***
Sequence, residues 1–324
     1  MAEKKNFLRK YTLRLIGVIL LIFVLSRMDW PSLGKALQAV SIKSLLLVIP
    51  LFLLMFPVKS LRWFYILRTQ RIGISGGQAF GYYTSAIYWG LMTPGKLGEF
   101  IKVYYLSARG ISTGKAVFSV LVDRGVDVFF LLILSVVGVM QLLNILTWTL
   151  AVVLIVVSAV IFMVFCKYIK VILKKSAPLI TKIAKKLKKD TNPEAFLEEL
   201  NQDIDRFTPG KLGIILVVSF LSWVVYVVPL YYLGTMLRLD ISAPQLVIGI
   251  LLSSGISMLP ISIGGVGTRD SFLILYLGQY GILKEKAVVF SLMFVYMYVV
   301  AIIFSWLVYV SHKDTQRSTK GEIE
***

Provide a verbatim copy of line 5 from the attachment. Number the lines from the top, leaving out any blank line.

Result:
   151  AVVLIVVSAV IFMVFCKYIK VILKKSAPLI TKIAKKLKKD TNPEAFLEEL